Tips For Living With Someone On Parole

  • Time to read: 4 min.

Living with someone on parole can be stressful and challenging.

In this article, you’ll find information and tips you may not have thought about before committing to the living arrangements.

Tips For Living With Someone On Parole

Disclaimer

The contents of this web page are for informational purposes only, and nothing you read is intended to be legal advice. Please review our disclaimer about law/legal-related information on this website before taking action based upon anything you read or see.

What Is Parole?

Parole does not mean that the case is over, or that the defendant is free.

Parole is the next phase of the defendant’s punishment.

It is a form of supervised release into the community.

It could also be considered a less restrictive form of incarceration.

While many individuals are successful on parole, a good portion of individual are not.

People are most likely to be successful on parole when they are surrounded by people who support their transition back into the world, and live the lifestyle that the defendant needs to live to avoid failing parole.

Understanding what parole is (and is not) is the first step to successfully living with someone who is on it.

Tip: Know What The Rules Are

A roommate on parole has to live with a ton of rules.

These can be rules about what can be in the house (or not), and who can be in the house (or not).

For example, some parolees cannot be near children while on parole, while others cannot be in possession of certain drinks or substances that would otherwise be legal.

This is even the case if the person is unlikely to do anything bad or wrong with them.

This is even the case if the non-parolee roommate has a lawful and legitimate need for them.

If the housemates do not know the rules, they can inadvertently put the parolee in danger of breaking the terms of his parole.

If a parolee is determined to have violated his parole conditions, he could end up back in jail for a lengthy period of time and may not have parole as an option again in the future.

The roommates of a parolee should get a written copy of the rules/orders from the defendant or even directly from the probation officer.

Some restrictions you might not consider include:

  • no adult materials (erotic or otherwise)
  • stay a certain distance away from schools or places children frequent
  • no computers, cameras, or the internet
  • no traveling without permission
  • reporting in daily (meaning staying within cell service)
  • curfews
  • no contact with specific people
  • polygraphs
  • driving logs or no driving
  • no PO Box

Tip: Be Prepared To Live The Lifestyle

To live with a parolee, a roommate (or loved one) needs to be someone the parole officer approves of.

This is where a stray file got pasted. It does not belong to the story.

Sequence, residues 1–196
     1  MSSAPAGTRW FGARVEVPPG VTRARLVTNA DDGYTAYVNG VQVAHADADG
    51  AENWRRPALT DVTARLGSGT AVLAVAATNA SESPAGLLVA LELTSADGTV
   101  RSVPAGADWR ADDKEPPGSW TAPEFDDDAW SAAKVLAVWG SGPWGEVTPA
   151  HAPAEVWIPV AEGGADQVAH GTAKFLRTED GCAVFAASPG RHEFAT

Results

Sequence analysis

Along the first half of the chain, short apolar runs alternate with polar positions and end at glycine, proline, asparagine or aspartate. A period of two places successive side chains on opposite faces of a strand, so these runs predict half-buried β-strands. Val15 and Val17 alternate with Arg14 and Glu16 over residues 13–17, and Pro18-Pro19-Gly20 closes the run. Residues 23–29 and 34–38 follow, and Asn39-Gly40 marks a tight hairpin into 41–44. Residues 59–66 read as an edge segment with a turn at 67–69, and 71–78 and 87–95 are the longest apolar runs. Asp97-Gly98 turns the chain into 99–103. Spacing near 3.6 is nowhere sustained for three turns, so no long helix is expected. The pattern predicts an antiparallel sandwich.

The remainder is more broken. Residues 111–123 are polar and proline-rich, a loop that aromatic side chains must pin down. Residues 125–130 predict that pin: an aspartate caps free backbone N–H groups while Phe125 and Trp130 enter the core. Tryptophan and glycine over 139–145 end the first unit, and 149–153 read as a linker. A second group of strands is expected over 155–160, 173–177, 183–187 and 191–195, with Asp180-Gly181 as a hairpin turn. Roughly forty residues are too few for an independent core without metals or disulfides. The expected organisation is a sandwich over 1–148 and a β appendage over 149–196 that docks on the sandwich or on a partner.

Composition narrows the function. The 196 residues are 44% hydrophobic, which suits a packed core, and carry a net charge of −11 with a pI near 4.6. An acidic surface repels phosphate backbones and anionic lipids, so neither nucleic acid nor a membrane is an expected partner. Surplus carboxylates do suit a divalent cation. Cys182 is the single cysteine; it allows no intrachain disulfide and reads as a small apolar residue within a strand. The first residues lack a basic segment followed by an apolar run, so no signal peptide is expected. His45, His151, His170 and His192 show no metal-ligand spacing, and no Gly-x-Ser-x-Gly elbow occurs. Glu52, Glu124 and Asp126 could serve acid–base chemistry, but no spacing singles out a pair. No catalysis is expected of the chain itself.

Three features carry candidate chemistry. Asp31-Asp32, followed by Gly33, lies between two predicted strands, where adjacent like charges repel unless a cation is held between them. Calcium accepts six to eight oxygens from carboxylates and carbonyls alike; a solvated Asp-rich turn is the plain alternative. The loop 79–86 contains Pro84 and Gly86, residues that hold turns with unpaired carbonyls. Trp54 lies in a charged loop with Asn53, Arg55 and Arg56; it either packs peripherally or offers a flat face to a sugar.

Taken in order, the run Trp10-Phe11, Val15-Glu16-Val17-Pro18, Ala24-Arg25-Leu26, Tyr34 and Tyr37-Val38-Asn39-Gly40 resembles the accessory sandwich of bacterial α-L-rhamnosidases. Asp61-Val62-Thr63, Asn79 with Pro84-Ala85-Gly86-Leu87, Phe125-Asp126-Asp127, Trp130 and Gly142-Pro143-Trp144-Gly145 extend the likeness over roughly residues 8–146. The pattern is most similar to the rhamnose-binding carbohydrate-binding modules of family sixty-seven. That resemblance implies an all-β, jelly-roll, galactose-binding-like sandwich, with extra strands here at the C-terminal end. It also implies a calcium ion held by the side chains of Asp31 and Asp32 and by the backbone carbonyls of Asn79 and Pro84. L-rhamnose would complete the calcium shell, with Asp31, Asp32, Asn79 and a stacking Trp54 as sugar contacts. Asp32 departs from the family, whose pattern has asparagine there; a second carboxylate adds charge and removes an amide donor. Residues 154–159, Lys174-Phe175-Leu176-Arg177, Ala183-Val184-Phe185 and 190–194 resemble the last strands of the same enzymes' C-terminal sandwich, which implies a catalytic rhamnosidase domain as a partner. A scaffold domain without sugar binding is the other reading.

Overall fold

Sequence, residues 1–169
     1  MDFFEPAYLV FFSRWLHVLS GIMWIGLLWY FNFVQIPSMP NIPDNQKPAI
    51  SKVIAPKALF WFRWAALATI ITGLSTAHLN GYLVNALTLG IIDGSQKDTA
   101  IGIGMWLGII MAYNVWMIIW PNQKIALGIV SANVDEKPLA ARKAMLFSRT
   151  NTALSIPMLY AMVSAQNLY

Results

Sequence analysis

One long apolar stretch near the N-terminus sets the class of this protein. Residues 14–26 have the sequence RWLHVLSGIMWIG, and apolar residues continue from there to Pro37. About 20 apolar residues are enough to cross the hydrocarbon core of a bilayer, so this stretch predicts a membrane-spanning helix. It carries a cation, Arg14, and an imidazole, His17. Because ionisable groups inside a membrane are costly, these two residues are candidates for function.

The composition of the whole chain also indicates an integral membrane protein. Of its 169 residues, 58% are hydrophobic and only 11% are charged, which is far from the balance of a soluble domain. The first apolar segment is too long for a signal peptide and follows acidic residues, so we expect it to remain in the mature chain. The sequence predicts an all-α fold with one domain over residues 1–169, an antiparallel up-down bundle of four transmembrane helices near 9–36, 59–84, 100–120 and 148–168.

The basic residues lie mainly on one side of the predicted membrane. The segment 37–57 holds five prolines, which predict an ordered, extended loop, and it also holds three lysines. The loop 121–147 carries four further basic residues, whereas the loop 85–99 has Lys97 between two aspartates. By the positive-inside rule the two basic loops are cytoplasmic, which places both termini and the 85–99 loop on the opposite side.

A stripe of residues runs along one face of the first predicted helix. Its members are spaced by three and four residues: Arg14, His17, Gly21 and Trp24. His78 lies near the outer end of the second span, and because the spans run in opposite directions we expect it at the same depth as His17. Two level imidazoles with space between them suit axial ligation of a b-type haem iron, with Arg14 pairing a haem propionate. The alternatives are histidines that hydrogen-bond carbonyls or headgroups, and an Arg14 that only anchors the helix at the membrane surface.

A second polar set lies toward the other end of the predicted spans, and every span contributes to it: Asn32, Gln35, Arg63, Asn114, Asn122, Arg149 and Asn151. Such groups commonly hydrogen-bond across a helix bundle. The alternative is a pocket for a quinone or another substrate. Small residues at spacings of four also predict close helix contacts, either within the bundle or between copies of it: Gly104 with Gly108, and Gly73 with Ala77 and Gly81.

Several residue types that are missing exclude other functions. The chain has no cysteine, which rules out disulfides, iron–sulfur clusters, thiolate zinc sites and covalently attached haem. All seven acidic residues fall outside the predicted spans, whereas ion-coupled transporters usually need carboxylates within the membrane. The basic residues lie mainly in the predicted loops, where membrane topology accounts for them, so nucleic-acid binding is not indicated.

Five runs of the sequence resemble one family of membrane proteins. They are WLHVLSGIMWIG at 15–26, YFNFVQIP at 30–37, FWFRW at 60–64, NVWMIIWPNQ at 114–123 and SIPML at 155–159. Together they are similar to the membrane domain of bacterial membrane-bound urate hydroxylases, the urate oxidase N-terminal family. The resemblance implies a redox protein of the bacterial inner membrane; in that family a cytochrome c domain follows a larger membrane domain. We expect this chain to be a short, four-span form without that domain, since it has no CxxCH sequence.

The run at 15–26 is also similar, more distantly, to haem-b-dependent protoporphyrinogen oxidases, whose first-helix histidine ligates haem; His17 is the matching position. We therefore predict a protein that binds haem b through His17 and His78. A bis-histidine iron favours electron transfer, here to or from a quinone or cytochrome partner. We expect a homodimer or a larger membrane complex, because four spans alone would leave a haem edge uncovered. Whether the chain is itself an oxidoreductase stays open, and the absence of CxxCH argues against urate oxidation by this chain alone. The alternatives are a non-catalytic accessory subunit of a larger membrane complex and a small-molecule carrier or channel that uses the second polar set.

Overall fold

It is fairly common for the parolee to need approval from the parole officer to live in a particular place.

If the roommates cannot live a lifestyle that the parole officer approves of, then he won’t allow the living situation.

Parole officers have broad rights when it comes to parolees; they can come search the parolee’s things/vehicle without notice.

This may bring parole officers into other areas of the house (such as the bedroom you share, the garage, basement, etc).

If you think that an unexpected search of your property could result in legal troubles for you personally (as well as the parolee), consider conferring with an attorney before moving forward.

You may have the right to refuse to allow the parole officers to search areas of the property where the parolee does not spend time or have a right to, but this may cause the parole officer to revoke his permission to allow the parolee to live there.

Tip: The Transition Is Stressful

Celebrate the release, but beware.

hard times are coming.

A person who has been living in prison (especially for long stretches) has become accustomed to jail.

Jail is all about structure and routine, and inmates become dependent upon that routine.

It is difficult to leave that structure and once again be in charge of the day-to-day.

Even if a defendant is happy and excited to be out of jail, he can also feel anxiety and discomfort.

All of his support system is gone (structure, friends, job, and status).

He may have none of these things on the outside.

This can lead to turbulent emotional outburst, or disputes/fights.

Many relationships fail during parole because of the transition stress.

Make sure to factor in self-care or even counseling for the non-parolees in the residence.

Tip: The Parolee Is a Different Person

No matter how close people were before prison, and how much they stayed in contact during prison…prison changes everyone.

Be prepared to have to get to know each other all over again, and make the hard decisions as time goes on about whether it makes sense to continue to live together.

Tip: Schedule Will Be Very Full

The parolee will likely have a full schedule after his release.

The demands of the parole officer come before all things, including the needs of the household and the children.

Be prepared to continue living life (and doing the work of the house) as you did before his release, at least for a while.

In the meantime, the parolee will be required to attend meetings, trainings, community service, rehab, school, and/or to get a job.

Wrap Up

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Living With Someone On Parole